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Inclusion and Access

Inclusion and access is another core pillar of the Framework for Recreation in Canada, and in a time of financial uncertainty, the recreation community has been quick to remove the financial barrier by eliminating costs for online content. Countless resources have been provided online free of charge by organizations and individuals so community members can partake in recreation from their own home. For example, yoga classes offered live online for free to help individuals lean into community while maintaining their mental and physical wellbeing.

Maintaining Physical and Mental Wellbeing

During this time and uncertainty, it is clear that recreation is a necessity to maintain our physical and mental wellbeing. The Recreation Studies Department at Langara College has recently partnered with the Canadian Mental Health Association, Vancouver-Fraser branch in order to create opportunities to support student mental health. Starting in fall 2020 there will be courses built into the curriculum of the Recreation Leadership Diploma to educate students how to better understand and manage their own mental health and support the mental health of others. This project started well before the COVID- 19 crisis, but now more than ever it is proven to be a relationship and project that should be continued.

Sue Griffin, Director of Philanthropy at the CMHA Vancouver-Fraser stated "By offering community-based mental health education, services, and supports for children, youth, adults and seniors, CMHA Vancouver-Fraser contributes to the long-term health and wellbeing of our communities. We are very excited to work with Langara Recreation Studies in supporting student mental health. At this time of unprecedented uncertainty, and at a time of a physical and mental health crisis, it is extremely important to address the impact of our communities’ mental health. At CMHA Vancouver-Fraser, we believe everyone deserves to be mentally healthy and live in a healthy community. Mental health begins where you live, learn, work, and play and recreation is a proven tool to support mental health. Together, we are making a difference."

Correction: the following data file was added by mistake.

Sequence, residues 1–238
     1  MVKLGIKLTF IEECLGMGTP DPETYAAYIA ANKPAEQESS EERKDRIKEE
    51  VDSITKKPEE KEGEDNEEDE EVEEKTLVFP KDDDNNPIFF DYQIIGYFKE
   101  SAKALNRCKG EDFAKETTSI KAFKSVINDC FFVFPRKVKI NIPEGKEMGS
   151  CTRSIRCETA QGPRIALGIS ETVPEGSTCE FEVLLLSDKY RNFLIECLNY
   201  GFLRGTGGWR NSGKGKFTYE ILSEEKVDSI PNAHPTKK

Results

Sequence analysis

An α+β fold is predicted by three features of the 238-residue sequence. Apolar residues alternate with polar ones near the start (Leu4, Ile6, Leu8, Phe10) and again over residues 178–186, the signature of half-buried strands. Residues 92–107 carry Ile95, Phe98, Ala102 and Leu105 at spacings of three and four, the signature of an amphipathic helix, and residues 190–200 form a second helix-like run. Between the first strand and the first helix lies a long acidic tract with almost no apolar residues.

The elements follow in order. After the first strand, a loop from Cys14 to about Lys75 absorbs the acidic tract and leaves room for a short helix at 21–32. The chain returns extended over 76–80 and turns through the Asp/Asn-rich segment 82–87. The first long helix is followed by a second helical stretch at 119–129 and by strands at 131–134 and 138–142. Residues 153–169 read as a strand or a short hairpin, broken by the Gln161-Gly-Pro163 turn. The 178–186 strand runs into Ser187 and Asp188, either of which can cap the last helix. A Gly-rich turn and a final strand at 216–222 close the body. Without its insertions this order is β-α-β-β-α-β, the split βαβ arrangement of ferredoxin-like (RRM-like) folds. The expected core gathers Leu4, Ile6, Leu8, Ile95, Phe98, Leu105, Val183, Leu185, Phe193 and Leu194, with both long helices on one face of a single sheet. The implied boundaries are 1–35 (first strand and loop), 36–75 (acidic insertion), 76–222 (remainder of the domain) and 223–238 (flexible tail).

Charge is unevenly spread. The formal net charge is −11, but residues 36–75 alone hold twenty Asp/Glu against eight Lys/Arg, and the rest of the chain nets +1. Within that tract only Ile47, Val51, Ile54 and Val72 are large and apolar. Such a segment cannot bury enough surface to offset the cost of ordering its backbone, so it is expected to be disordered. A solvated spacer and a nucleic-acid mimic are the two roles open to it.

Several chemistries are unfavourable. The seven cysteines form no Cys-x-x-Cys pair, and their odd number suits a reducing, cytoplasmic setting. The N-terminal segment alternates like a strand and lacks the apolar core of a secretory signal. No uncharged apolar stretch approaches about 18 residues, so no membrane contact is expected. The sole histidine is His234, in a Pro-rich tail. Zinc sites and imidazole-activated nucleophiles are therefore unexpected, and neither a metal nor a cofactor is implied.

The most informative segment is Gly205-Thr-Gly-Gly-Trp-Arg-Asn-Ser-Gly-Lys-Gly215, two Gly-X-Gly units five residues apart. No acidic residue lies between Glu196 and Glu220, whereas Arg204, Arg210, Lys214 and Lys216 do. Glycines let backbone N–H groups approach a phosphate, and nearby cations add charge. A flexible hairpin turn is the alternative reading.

Langara Recreation Studies Department and CMHA, Vancouver-Fraser would like to hear your stories.

What recreational activities are helping you and your family improve your mental health and wellness during these challenging times?

Email your stories/videos/photos to recreation@langara.ca

We look forward to hearing from you and sharing your stories.

We encourage you to re-create your reality through recreation.

Stay safe, stay well.

Langara Recreation Studies Department